One would think that having a job where you spent twelve hours a day sailing would leave you ready to not sail on your days off, but as summer wears on, I find myself as ready as ever to take Ganymede out whenever a day off is not filled with shopping and laundry. Not that there’s very many of those days; shopping and laundry are just as insistent when not cruising as when you are, but even so we managed to go sailing on Ganymede on three of my last four days off. It’s a mostly new thing for us, going out for a day sail and returning to the same spot—last year at this time we were at the top of the Great Northern Peninsula of Newfoundland, waiting our chance to squeak through the Straits of Belle Isle and struggle up the St. Lawrence River. Two years before that we were sailing up the coast from Florida to the Chesapeake Bay; the year before that we were rounding the Azuero Peninsula in Panama, Ganymede’s southernmost latitude. We’re just not used to not having to get somewhere when we weigh anchor and hoist the sails. But this summer hoisting the sails has meant just a few hours of tacking around Narragansett Bay and a return to our mooring ball: we haven’t even gotten the anchor wet since we pulled it out of the mud in Stonington on our final stop before returning here last fall.
Daysailing, however, has its own difficulties. When cruising, we usually set the sails, get them trimmed, and can go for hours, even a day and more without touching the sheets. But in the confined waters of the bay we have to tack, gybe, or adjust every few minutes, and getting to windward is pretty important. Our old cruising method of setting the jib flying, or not hanked-on, wasn’t working so well for several reasons. First of all, without the jibstay to keep the luff in place, if the steerman pinched a little too far and the jib backed, we had to fall off really far to get it to return—not great for getting to weather efficiently. We never really wanted to go that close into the eye of the wind when cruising, and if we HAD to, we just beat with main and staysail only, leaving the jib stowed. But daysailing is all about performance, and getting around nimbly in tight spaces. Which, of course, was what we had to deal with when trying to sail back onto our mooring in a crowded corner of the harbor. Being among moored boats also precluded our normal method of getting the jib in, which is to turn downwind until the mainsail blankets it and it drops easily on deck. Takes a lot of sea room to do that, and we needed to adjust to not having that luxury.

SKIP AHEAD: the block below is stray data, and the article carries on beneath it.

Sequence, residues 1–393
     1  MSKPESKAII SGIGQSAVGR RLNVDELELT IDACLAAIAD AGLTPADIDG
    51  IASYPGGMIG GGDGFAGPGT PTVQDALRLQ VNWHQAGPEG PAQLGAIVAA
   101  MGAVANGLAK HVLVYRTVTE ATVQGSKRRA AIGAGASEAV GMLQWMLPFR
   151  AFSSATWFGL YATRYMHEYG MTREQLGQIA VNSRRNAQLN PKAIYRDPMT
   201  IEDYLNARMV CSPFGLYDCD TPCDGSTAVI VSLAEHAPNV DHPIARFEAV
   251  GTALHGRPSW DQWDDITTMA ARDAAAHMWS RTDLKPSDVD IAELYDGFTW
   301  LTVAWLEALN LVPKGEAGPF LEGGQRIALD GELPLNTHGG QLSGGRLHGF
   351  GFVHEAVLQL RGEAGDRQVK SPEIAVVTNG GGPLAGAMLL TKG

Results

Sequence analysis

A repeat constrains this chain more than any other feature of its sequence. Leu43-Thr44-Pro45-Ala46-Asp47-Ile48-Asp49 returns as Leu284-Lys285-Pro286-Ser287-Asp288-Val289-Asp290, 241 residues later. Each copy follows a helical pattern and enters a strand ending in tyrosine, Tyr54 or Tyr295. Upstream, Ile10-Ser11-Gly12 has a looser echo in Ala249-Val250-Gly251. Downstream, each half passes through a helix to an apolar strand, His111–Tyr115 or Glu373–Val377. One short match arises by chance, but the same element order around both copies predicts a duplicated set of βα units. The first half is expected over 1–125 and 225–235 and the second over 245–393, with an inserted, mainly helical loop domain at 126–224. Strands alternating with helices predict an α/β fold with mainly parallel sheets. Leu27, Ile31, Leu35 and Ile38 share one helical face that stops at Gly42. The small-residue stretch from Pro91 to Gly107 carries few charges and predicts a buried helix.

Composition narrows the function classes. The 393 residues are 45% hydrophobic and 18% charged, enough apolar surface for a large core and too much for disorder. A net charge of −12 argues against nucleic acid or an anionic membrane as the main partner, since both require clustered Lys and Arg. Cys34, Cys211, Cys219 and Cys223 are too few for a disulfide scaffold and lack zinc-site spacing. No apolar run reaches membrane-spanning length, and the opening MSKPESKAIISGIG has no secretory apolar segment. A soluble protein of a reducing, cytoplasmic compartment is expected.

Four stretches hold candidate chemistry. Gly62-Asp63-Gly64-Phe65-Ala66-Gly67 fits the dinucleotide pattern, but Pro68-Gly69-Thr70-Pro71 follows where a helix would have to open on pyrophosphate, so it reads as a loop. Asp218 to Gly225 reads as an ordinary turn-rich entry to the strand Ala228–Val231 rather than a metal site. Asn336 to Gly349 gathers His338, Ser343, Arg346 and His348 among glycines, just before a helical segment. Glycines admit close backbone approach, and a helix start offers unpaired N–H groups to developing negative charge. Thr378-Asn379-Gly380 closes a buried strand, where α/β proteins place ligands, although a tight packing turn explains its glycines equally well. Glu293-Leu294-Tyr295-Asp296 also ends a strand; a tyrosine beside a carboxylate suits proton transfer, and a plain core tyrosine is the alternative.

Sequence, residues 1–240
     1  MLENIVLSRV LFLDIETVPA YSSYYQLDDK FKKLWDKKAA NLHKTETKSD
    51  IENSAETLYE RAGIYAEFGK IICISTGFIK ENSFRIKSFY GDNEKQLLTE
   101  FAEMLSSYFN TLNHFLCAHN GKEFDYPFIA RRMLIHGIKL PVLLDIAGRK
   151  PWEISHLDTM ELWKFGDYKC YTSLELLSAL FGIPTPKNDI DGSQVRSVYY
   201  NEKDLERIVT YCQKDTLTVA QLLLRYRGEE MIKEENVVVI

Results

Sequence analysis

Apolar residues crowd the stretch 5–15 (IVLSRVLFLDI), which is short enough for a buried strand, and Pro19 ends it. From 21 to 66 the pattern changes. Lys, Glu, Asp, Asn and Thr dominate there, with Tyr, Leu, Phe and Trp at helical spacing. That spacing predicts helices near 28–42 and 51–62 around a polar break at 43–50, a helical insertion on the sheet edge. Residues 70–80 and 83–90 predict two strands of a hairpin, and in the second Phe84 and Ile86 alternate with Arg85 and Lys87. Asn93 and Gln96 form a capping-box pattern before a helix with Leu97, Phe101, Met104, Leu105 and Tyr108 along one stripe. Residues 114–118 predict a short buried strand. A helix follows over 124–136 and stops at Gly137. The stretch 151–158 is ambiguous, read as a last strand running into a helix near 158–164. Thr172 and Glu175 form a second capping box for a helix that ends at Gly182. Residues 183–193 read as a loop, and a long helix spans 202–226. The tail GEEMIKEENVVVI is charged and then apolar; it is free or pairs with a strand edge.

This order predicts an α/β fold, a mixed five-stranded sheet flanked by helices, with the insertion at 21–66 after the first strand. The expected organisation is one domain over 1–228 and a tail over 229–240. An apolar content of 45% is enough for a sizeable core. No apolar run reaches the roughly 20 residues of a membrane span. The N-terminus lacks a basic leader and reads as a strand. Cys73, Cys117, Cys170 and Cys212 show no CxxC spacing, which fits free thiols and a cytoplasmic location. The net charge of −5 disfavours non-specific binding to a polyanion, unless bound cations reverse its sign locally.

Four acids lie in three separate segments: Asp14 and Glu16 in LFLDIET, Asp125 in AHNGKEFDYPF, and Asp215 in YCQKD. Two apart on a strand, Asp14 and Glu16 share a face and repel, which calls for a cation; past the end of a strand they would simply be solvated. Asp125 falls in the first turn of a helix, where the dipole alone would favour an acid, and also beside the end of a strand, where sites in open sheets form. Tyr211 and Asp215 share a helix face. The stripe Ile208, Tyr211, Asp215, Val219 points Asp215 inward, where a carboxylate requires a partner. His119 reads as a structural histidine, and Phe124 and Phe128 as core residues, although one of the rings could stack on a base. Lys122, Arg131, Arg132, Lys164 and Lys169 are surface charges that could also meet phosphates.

There was only one alternative: to figure out a way to hank the jib to the stay. Ganymede’s synthetic rope jibstay precluded the normal bronze piston hanks, which would fray pretty quickly through the cover. Time to invent. The solution was simple, but I had to splice a new jibstay, this time with a few round brass thimbles threaded on first. On each of these I hitched a length of 1/8” Dyneema with a loop spliced in it. For each of these soft hanks I put a grommet in the luff of the jib, added a downhaul to fetch the sail down easily, and we were in business. Now we can pinch up to weather as high as the mainsail will allow, we can douse the jib at any sailing angle, and can leave the sail stowed to the lifeline with a simple lashing. The thimbles slide easily up and down the stay with no chafe at all. We also added winches from the local marine consignment store to get the running backstays bar-tight, and Ganymede has never sailed better or more efficiently.
Another difference this summer is that we have plenty of friends who are dying to go out sailing, so it’s not just us. We’ve had five or six other families out with us to share the sailing, and usually we take the opportunity to fire up the barbecue afterwards and have a mini-feast. I had thought it would feel crowded on Ganymede with up to seven extra people (that makes eleven all told), but it seems there’s always room for one more, even if it takes several trips in the dinghy to get them all aboard and back. It’s a different feeling—far more social, for one, and lots more comfy sailing around the sheltered bay than being tossed by swells at sea, and it’s nice to know that dinner will be a the proper hour, and will be cooked on a stable boat without a chance of anything winding up on the deckhead, and bedtime will be at the appointed time. Not that the other sort of seafaring’s that bad, either—up all night a thousand leagues from land in blowing rain and spray with nothing but wet saltine crackers and granola bars to eat has it’s charms—but our civilized yachting is feeling pretty good for now.